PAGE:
She began her career with the Inner London Education Authority, as a management trainee from 1984 to 1985 and as a Policy Officer from 1985 to 1987.[8] She was head of the Women's Unit at the National Union of Students from 1988 to 1989, before joining Lambeth Council as an Equal Opportunities Officer from 1989 to 1991, and then Welfare and Staff Development Officer from 1991 to 1993.[8] From 1994 to 1997, she was the Senior Researcher and Political Officer for the GMB Union.[8]

Parliamentary career

Flint was first elected to the House of Commons of the United Kingdom in the 1997 general election.[7] She was re-elected at the 2001 general election, the 2005 general election, the 2010 general election, the 2015 general election and 2017 general election. Along with several other Labour women MPs, she was a member of a tap dancing troupe known as the Division Belles (a play on the term "division bell").[9] She is a member of the Fabian Society and of Labour Friends of Israel.[10][11]

In government

In 1999, Flint became Parliamentary Private Secretary (PPS) to Peter Hain while he was Minister of State at the Department of Trade and Industry and the Foreign and Commonwealth Office before in 2002 becoming Parliamentary Private Secretary to Dr John Reid, while he was Leader of the House of Commons and Minister without portfolio.[7]

Initially joining the government in June 2003 as Parliamentary Under Secretary of State at the Home Office, Flint was moved in May 2005 to the Department of Health, with responsibility for Public Health first as Parliamentary Under-Secretary of State and from May 2006 as Minister of State in the same role.[7]

As Public Health minister she was responsible for managing government programmes concerning radiation exposure, the potential bird flu epidemic, sex education, and the prevention of communicable diseases such as tuberculosis and HIV, and oversaw campaigns to tackle obesity, type 2 diabetes, heart disease, and cancer. She was also due to take ministerial responsibility for implementing the smoke-free workplace regulations in all public places resulting from the Health Act 2006, but was moved just a couple of days before it came into force (on 1 July 2007).

During her tenure at the Home Office, Flint reclassified magic mushrooms as a Class A drug.[12] Flint pushed through the bill[13] despite some challenges and objections from peers and MPs such as Dr Brian Iddon,[14][15] plus disputed use of a scientific study by Swiss academic Dr Felix Hasler,[16][17]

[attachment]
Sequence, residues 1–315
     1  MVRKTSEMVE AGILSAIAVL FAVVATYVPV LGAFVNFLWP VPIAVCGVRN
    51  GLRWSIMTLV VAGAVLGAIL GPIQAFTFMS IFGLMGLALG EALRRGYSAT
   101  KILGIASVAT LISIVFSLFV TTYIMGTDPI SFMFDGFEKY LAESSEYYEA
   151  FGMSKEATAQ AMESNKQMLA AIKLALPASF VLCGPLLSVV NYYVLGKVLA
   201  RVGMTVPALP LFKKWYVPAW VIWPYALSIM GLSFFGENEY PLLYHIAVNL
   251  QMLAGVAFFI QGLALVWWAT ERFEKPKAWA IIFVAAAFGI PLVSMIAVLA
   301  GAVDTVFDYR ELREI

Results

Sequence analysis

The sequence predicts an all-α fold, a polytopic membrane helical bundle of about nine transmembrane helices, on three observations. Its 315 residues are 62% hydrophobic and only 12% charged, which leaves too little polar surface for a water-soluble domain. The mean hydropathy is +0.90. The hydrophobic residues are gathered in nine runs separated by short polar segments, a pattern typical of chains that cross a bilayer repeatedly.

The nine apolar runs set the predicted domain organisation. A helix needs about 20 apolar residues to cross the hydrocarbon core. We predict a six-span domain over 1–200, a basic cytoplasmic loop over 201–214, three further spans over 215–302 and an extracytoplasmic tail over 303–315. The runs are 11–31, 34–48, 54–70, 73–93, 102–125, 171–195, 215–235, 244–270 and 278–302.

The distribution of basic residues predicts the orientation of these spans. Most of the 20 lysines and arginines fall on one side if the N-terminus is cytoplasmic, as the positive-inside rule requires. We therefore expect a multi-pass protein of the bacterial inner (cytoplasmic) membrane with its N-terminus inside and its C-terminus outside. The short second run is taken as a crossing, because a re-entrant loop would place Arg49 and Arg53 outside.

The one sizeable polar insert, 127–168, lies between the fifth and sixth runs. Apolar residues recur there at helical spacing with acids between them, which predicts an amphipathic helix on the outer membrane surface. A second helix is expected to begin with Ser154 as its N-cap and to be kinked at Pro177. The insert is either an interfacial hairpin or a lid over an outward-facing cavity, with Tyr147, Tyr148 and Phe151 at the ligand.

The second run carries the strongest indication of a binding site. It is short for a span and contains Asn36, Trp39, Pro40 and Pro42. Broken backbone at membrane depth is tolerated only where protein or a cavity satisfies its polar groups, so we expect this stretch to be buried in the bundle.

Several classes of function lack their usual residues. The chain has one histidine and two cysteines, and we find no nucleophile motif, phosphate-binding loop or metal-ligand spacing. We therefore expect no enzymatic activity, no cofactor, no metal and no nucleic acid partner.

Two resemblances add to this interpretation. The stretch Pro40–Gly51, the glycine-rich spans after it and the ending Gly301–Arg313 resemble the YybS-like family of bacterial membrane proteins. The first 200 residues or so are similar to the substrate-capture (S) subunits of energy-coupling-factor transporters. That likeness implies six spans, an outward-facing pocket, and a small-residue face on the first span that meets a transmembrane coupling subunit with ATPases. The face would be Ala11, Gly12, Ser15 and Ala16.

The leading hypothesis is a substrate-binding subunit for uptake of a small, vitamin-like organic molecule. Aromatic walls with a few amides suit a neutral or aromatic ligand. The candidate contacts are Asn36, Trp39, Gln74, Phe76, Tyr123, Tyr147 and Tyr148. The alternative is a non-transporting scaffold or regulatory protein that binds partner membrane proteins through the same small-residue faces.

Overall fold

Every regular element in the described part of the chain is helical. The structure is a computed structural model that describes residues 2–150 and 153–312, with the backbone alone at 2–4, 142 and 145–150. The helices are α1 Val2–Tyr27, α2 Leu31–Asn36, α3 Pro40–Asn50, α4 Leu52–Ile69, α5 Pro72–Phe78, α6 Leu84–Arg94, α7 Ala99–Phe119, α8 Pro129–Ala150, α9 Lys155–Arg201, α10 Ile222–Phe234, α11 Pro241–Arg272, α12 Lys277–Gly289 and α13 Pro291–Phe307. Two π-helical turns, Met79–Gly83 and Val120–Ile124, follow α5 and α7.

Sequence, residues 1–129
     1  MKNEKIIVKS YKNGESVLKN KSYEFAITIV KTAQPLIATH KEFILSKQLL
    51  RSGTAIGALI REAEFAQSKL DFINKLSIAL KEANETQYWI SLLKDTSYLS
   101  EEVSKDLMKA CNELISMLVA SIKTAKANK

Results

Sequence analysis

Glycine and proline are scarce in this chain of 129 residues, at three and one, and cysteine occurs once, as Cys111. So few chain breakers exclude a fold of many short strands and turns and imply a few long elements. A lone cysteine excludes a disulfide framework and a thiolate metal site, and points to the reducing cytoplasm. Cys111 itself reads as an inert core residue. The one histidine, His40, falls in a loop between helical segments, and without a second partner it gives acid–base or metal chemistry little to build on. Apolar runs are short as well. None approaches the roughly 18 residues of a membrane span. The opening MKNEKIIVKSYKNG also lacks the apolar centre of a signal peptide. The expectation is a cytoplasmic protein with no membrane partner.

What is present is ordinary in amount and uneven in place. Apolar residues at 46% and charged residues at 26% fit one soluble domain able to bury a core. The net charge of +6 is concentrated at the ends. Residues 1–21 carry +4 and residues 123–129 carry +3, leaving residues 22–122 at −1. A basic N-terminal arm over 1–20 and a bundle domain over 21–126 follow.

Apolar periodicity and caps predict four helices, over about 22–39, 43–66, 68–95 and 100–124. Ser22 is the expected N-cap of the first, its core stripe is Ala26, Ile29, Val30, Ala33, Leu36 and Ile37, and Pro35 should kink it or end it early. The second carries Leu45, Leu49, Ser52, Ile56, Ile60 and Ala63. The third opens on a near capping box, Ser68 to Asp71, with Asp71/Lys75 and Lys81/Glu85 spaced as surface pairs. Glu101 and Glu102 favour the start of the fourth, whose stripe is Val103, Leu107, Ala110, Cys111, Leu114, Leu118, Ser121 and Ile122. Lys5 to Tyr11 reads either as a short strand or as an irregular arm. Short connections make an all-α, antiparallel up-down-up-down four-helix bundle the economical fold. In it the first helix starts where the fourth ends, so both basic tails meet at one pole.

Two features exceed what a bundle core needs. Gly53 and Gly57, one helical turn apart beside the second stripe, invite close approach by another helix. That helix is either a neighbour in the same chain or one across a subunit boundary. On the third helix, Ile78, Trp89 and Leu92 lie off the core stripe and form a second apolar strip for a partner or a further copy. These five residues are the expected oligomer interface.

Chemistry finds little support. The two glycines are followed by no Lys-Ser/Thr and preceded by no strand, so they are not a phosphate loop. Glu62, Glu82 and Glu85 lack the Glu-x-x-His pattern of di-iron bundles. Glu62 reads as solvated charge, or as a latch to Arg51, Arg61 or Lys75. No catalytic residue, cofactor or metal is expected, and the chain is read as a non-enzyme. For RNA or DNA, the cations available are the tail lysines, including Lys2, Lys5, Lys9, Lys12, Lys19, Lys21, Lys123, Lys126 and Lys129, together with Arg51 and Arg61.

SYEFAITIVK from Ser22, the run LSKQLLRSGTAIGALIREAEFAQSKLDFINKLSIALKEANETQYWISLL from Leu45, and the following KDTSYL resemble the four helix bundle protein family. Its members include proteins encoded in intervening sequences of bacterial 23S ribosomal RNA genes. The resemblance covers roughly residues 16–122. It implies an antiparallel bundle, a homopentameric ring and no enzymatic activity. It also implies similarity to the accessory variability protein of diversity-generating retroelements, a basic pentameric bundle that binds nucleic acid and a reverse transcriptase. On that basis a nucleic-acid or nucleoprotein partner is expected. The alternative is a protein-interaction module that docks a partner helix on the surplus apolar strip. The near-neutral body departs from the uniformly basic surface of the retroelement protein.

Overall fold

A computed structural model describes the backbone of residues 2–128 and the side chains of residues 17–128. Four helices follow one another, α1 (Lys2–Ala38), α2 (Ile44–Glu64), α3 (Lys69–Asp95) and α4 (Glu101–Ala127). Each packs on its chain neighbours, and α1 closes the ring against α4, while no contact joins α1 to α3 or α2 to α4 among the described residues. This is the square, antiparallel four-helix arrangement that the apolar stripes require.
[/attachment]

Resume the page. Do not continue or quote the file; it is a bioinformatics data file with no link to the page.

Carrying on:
In February 2007, it was announced that she would be Hazel Blears' campaign manager in Blears' campaign for the Deputy Leadership election of the Labour Party following John Prescott's resignation. Blears did not win, coming sixth in the election.

In the Cabinet reshuffle of 29 June 2007 Caroline Flint moved to the Department for Work and Pensions where she served as the Minister for Employment and Welfare Reform.[7] Flint was also appointed to the new position of Minister for Yorkshire and the Humber.[7]

On 24 January 2008, Flint was promoted to Minister of State for Housing and Planning, and as a result would now attend Cabinet meetings.[7] She was also appointed a member of the Privy Council and she relinquished her role as regional minister.[7] In February 2008, Flint suggested that unemployed council tenants should "actively seek work", as a condition of their occupancy.[18] In May that year, she inadvertently revealed grim forecasts for the future of house prices when she was photographed walking into Downing Street with her briefing papers visible. Close inspection revealed that her document read: "We can't tell how bad it will get."[19]

She was moved to the Foreign and Commonwealth Office in the October 2008 reshuffle, to become the Minister for Europe.[5] On 31 March 2009 she admitted that she had not read the Lisbon Treaty, the document which codifies the rules of the European Union. Critics described her admission as "extraordinary" and "unbelievable," particularly given that the minister's responsibilities include overseeing the introduction of the Treaty.[20]